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  14. That's a great option, unfortunately I like my basses glossy and shiny.

    I think enough people have pointed out here, patience and time are the most important. That was the main thing I didn't grasp completely when I first tried this. @TheReceder above has some great progress and apparently understands this.
     
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  15. If you can find an auto body shop that's willing to do it, it's a great option. Even if you just want them to do a good clear coat which is how I used one.
     
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  16. mattattack187

    mattattack187 Bass Enthusiast Supporting Member

    Feb 2, 2012
    Ellsworth, ME
    A painter.
     
  17. Good to hear I'm not wrong, I was thinking of adding, "and just to clarify, but I'm any old dipstick" to my post.
     
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  18. What type and brand of finishing product was that?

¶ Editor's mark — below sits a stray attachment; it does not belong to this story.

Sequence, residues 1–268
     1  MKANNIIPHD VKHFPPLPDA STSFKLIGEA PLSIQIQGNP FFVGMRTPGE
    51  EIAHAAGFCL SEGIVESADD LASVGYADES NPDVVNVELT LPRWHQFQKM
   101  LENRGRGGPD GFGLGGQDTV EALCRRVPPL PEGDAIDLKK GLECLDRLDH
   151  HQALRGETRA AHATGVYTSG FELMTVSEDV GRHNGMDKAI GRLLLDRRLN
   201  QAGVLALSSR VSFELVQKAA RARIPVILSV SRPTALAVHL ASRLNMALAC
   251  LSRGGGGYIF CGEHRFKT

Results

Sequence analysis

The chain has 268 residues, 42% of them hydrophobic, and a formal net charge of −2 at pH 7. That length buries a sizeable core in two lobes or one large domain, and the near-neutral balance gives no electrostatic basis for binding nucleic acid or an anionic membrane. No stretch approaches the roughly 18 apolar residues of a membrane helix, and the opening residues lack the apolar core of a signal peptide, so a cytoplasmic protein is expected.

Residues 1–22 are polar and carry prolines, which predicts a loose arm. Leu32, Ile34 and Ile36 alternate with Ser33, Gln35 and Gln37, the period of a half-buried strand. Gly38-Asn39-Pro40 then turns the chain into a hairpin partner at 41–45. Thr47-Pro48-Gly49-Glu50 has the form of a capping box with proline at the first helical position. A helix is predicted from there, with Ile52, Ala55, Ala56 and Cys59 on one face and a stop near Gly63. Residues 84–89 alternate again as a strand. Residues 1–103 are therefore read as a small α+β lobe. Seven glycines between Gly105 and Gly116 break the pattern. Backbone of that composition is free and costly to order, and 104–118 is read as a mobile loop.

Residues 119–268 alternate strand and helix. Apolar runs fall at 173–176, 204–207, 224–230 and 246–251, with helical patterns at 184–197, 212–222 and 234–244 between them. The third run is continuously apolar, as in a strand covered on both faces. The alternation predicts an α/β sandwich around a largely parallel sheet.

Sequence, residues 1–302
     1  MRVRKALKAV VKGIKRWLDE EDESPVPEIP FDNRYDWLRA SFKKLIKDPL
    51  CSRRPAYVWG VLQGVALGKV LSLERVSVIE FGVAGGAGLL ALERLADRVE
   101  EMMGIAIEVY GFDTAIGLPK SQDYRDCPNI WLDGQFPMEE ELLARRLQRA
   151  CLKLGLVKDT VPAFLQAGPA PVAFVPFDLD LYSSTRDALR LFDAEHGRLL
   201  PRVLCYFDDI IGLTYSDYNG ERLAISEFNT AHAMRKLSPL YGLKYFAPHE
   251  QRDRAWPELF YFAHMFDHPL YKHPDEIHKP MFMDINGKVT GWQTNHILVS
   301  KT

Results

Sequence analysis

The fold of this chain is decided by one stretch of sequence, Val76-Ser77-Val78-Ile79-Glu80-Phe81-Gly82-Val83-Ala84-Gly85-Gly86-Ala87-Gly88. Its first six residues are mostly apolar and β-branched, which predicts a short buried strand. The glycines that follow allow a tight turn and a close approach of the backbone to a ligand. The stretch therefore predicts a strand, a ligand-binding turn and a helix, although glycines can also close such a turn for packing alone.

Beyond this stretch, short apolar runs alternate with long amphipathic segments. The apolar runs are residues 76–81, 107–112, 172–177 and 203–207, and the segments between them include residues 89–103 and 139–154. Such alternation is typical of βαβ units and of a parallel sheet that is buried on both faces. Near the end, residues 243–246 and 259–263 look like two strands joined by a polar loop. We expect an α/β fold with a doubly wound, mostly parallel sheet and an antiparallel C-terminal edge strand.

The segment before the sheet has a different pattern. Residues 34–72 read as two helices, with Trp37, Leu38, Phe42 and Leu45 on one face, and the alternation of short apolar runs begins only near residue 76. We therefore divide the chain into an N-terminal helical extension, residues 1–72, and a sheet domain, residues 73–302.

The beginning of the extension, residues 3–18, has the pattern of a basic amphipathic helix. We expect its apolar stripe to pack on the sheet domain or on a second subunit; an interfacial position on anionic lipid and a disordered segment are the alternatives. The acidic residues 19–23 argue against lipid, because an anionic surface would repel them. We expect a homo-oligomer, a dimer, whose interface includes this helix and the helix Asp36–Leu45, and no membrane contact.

For finishing wood instruments, not necessarily. It depends on the style (e.g. no primer for semi-transparent--blonde--and sunbursts) and type of finish (e.g. no primer needed for lacquer regardless of whether it's opaque color or transparent).

    Edit to add/forgot to include: wood bodies should be sealed, not the same as priming metal auto bodies.
     
    Last edited: Feb 22, 2024
    fhm555 likes this.
  19. Tremclad.

    Again, in their defence - I laid on a LOT of coats, it ended up being pretty thick in the end.
     
  20. A legacy of opaque color automotive finishes used since the '50s by guitar makers/companies including Fender and Gibson is that it's been misconstrued by many DIYers that wood instruments when finished in solid opaque colors--the typical mode of DIYers and superficially exemplified by Fender's "Custom Colors"--were or should be painted exactly like automobiles.

    You can do it that way though you may be less satisfied with the outcome depending on expectations. It'll likely take longer and that added superfluous complexity will increase more potential to screw it up.
     
    Last edited: Feb 22, 2024